Pulmonary Embolism

A pulmonary embolism (PE) is a blood clot that develops in a blood vessel elsewhere in the body (most commonly from the leg), travels to an artery in the lung, and forms an occlusion (blockage) of the artery.

Risk of Pulmonary Embolism

Risks of pulmonary embolism that are associated with the processes that may increase the risk of a venous thromboembolism include:

  • genetic conditions that increase the risk of blood clot formation
  • surgery or trauma (especially to the legs) or orthopaedic surgery
  • situations in which mobility is limited, such as extended bed rest, flying or riding long distances, or paralysis
  • previous history of clots
  • older age
  • cancer and cancer therapy
  • certain medical conditions, such as heart failure, chronic obstructive pulmonary disease (COPD), hypertension (high blood pressure), stroke, and inflammatory bowel disease (chronic inflammation of the digestive tract)
  • certain medications, such as oral contraceptives (birth control pills) and hormone replacement therapy (estrogen pills for postmenopausal women)
  • pregnancy (during and after pregnancy, including cesarean section)
  • obesity
  • varicose veins (enlarged veins in the legs)
  • cigarette smoking

Symptoms of Pulmonary Embolism

The following are the most common symptoms of pulmonary embolism . However, each individual may experience pulmonary embolism symptoms differently:

  • sudden shortness of breath (most common)
  • chest pain (usually worse with breathing)
  • a feeling of anxiety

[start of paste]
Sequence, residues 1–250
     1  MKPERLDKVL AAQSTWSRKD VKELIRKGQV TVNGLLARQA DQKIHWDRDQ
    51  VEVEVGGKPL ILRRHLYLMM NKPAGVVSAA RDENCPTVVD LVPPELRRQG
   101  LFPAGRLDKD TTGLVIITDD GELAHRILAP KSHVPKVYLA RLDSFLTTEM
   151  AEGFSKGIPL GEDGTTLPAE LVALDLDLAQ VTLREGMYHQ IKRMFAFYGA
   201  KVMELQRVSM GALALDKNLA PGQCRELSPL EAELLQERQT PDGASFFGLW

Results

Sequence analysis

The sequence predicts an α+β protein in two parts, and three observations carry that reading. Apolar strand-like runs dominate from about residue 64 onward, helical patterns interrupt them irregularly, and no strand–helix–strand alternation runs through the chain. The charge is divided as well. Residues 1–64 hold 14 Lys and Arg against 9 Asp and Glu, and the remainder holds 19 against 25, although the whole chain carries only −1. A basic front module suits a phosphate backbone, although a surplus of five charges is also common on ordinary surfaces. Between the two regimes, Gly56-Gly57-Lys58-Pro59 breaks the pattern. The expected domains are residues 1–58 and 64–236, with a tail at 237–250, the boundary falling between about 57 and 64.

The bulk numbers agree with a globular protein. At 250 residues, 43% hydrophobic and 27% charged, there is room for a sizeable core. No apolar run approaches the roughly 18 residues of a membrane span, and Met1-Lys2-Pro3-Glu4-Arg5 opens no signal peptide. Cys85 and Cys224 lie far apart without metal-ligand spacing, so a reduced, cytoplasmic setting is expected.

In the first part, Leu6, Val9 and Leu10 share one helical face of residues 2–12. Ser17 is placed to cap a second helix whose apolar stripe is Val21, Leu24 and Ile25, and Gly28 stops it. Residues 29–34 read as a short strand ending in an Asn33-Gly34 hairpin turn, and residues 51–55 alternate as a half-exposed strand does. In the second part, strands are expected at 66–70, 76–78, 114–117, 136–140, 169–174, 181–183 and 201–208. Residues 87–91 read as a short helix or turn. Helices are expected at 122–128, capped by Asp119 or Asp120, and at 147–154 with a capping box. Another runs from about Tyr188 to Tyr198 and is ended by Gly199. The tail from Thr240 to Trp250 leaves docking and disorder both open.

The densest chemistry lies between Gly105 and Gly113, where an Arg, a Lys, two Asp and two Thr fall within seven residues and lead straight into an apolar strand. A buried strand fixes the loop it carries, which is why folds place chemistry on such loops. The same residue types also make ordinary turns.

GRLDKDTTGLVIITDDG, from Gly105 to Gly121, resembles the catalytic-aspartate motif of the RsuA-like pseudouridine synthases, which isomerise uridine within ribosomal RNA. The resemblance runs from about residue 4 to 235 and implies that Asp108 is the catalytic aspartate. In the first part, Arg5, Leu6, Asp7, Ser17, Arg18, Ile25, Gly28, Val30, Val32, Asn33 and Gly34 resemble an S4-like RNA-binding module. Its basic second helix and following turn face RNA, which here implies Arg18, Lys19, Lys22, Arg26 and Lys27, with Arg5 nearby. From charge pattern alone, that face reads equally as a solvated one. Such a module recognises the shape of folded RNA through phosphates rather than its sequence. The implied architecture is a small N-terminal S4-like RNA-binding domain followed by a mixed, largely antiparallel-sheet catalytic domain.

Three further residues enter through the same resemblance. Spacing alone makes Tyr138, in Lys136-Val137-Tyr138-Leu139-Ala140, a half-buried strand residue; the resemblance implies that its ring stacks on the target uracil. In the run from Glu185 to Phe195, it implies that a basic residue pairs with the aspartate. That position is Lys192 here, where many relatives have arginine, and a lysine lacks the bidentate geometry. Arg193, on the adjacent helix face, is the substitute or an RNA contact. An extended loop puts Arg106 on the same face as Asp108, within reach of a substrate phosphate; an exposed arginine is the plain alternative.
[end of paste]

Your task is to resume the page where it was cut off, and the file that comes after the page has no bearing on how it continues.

• a feeling of dizziness, lightheadedness, or fainting
  • palpitations (heart racing)
  • coughing up blood (hemoptysis)
  • sweating
  • low blood pressure
  • symptoms of deep vein thrombosis

Diagnosis of Pulmonary Embolism

In addition to a complete medical history and physical examination, diagnostic procedures for an aneurysm may include any, or a combination, of a chest x-ray, ventilation-perfusion scan, pulmonary angiogram, CT scan, MRI, duplex ultrasound, laboratory tests or electrocardiogram.

Pulmonary Embolism Treatments

Treatment of pulmonary embolism include anticoagulants, fibrinolytic therapy, vena cava filter, pulmonary embolectomy or percutaneous thrombectomy.

Specific treatment will be determined by your physician based on:

  • your age, overall health, and medical history
  • extent of the disease
  • your signs and symptoms
  • your tolerance for specific medications, procedures, or therapies
  • expectations for the course of the disease
  • your opinion or preference